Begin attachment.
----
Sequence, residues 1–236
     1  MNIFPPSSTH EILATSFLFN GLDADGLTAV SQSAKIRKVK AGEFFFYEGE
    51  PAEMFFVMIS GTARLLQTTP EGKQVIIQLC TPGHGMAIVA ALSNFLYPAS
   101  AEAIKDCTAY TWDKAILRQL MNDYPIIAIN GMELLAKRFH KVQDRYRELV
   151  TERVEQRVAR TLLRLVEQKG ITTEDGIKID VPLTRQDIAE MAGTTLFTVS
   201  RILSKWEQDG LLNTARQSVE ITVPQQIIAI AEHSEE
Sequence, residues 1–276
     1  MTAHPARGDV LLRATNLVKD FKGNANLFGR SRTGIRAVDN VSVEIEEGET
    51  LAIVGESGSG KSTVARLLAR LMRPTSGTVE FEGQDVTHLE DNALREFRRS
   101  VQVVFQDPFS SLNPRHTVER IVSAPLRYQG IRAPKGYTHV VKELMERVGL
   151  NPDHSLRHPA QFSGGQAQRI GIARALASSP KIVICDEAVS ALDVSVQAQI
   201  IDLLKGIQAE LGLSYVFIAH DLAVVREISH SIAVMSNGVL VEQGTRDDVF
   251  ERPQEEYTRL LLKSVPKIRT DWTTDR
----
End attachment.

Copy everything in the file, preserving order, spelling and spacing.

Sequence, residues 1–236
     1  MNIFPPSSTH EILATSFLFN GLDADGLTAV SQSAKIRKVK AGEFFFYEGE
    51  PAEMFFVMIS GTARLLQTTP EGKQVIIQLC TPGHGMAIVA ALSNFLYPAS
   101  AEAIKDCTAY TWDKAILRQL MNDYPIIAIN GMELLAKRFH KVQDRYRELV
   151  TERVEQRVAR TLLRLVEQKG ITTEDGIKID VPLTRQDIAE MAGTTLFTVS
   201  RILSKWEQDG LLNTARQSVE ITVPQQIIAI AEHSEE
Sequence, residues 1–276
     1  MTAHPARGDV LLRATNLVKD FKGNANLFGR SRTGIRAVDN VSVEIEEGET
    51  LAIVGESGSG KSTVARLLAR LMRPTSGTVE FEGQDVTHLE DNALREFRRS
   101  VQVVFQDPFS SLNPRHTVER IVSAPLRYQG IRAPKGYTHV VKELMERVGL
   151  NPDHSLRHPA QFSGGQAQRI GIARALASSP KIVICDEAVS ALDVSVQAQI
   201  IDLLKGIQAE LGLSYVFIAH DLAVVREISH SIAVMSNGVL VEQGTRDDVF
   251  ERPQEEYTRL LLKSVPKIRT DWTTDR